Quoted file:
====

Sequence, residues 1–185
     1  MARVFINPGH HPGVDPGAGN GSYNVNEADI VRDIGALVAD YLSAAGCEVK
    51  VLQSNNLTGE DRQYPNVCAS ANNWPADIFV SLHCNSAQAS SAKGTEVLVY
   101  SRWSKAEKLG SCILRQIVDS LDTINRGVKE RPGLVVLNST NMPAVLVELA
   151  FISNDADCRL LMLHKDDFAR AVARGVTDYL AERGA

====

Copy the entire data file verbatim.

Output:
Sequence, residues 1–185
     1  MARVFINPGH HPGVDPGAGN GSYNVNEADI VRDIGALVAD YLSAAGCEVK
    51  VLQSNNLTGE DRQYPNVCAS ANNWPADIFV SLHCNSAQAS SAKGTEVLVY
   101  SRWSKAEKLG SCILRQIVDS LDTINRGVKE RPGLVVLNST NMPAVLVELA
   151  FISNDADCRL LMLHKDDFAR AVARGVTDYL AERGA